- Mental Health»
Caught Off Guard
I would have to say caught off guard is an under statement. I always prided myself on the ability to avoid the the evils of alcohol. The evils that plagued my family and caused the death of older brother was kept at bay. I was a social drinker, limiting myself to a drink or two for the most part, keeping my drinking down to a dull roar. Every year or two I let myself cut loose when my responsibilities allowed and the next morning my friend the hangover reminded me that I was more suited for social drinking.
I was one of those mother's who felt there wasn't a need to keep beer or alcoholic beverages in the home unless it was a social event with family and friends. I did however exclude the children's birthday parties in that realm. No one can convince me otherwise, that alcohol should be allowed at a children's birthday party. Even when the devil entered my soul I never thought or would ever think differently.
The day the devil entered my soul I wasn't looking and he took advantage of that. I was enjoying a nice dinner at the neighborhood restaurant and lounge with my boyfriend getting ready for a night of karaoke with some of the locals. This was our Sunday night ritual. I had been drinking diet coke and he had a CC & Ginger, Canadian Club and Ginger Ale. I decided to take a sip and proceeded to finish his drink and had three more that evening. That evening I began a love affair with Canadian Club, Jack Daniels and Crown Royal that lasted eight months.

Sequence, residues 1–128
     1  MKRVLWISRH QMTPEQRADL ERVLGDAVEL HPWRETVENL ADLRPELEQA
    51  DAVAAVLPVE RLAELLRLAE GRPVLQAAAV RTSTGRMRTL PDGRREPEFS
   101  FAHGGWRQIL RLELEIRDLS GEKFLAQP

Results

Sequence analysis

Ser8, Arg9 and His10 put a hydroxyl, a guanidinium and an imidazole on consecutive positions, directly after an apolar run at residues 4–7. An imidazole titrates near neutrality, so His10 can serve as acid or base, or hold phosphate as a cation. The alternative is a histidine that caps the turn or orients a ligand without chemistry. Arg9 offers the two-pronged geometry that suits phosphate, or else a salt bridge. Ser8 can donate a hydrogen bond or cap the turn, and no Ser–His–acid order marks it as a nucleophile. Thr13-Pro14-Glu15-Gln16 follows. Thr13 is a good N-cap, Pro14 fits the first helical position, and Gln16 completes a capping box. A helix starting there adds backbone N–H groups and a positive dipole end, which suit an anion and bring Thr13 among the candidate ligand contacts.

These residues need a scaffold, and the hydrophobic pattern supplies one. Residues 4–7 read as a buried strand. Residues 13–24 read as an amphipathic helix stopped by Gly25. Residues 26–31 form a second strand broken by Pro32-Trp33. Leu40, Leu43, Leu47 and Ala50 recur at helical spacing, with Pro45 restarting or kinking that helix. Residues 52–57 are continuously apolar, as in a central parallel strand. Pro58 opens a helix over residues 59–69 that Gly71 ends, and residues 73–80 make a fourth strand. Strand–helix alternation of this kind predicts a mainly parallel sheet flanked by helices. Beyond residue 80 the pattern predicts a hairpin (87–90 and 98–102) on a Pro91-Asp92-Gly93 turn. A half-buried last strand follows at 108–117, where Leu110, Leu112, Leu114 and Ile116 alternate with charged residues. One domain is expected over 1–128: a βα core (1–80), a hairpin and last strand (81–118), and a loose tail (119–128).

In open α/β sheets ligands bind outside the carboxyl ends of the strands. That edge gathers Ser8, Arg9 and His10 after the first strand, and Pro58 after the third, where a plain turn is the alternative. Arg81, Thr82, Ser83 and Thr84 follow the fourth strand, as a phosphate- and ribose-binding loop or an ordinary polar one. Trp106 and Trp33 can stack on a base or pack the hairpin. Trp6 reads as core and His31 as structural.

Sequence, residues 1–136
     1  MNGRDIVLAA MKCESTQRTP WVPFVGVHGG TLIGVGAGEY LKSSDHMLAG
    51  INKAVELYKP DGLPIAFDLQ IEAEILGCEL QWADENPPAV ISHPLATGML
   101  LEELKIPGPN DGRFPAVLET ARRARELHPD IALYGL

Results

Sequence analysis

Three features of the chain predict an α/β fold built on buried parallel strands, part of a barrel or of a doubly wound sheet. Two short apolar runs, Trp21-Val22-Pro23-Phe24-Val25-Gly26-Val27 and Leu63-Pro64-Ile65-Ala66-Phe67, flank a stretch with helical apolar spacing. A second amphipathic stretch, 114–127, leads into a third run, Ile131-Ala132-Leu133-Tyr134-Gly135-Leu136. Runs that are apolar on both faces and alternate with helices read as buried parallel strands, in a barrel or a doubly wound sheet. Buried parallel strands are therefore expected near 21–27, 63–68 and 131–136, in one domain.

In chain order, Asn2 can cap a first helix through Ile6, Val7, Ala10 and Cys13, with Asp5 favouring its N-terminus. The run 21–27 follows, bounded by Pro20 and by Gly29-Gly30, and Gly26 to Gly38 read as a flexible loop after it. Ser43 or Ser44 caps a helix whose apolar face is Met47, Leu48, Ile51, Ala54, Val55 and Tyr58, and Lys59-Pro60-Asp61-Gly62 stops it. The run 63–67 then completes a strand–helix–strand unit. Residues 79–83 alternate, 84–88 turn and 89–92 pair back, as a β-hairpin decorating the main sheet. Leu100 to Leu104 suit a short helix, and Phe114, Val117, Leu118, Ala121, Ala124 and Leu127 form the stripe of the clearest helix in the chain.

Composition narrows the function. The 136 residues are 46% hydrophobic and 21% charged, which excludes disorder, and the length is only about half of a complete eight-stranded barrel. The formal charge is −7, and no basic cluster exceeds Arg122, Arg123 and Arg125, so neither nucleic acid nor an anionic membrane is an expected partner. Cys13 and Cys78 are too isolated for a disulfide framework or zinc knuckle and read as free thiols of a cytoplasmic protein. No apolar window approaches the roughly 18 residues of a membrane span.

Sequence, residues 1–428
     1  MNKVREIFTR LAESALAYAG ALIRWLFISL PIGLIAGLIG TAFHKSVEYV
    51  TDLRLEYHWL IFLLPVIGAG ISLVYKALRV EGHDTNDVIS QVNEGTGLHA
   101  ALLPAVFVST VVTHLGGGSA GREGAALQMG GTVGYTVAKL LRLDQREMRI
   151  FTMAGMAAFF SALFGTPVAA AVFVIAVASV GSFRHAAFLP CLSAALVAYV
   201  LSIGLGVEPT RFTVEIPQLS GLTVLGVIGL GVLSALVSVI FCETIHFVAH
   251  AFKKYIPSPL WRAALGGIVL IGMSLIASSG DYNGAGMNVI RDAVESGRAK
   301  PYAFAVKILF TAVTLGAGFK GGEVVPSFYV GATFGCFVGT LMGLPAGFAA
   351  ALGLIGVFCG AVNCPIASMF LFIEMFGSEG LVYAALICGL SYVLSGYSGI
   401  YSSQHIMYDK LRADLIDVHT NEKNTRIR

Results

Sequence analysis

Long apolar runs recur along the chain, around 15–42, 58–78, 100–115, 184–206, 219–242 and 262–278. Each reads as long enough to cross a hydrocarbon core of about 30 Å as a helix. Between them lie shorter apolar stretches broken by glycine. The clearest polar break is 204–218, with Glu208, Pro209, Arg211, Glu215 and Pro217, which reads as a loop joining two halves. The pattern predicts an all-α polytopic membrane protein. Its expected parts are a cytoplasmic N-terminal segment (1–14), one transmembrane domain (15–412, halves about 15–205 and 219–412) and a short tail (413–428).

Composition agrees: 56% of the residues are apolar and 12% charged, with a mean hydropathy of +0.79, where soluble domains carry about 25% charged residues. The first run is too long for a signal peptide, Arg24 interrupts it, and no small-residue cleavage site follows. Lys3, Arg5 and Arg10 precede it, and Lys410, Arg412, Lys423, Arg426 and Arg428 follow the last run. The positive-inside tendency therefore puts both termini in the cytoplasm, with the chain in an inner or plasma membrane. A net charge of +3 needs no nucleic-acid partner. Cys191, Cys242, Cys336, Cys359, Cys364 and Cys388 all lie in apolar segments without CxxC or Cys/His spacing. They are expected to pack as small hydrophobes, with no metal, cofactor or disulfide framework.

The evils of alcohol that I avoided for years seamed to sneak up on me and take control of my life. There were unpaid bills, late mortgage payments, disagreements about my drinking, irresponsible behavior and strained relationships with my three daughters. I became a different person and by the end of this treacherous journey I didn't like the person I saw in the mirror nor the mother I had become to my youngest daughter who was 14 years old at the time.
I found myself at work, carving the taste, getting excited about dropping my car off at home, walking down the street to the local watering hole and having a few before going home. I was taking advantage to my older daughter, she and my grandchildren were living with me and I knew she would take care of her little sister. There were also the side trips to the liquor store after work where I would grab a few bottles of diet coke or ginger ale, pint or a few nips of whiskey to bring home and put in my bedroom. I would stash those, make supper and once clean up was complete go to my room and " read ". I did read and also had a few drinks, hiding away so nobody would know.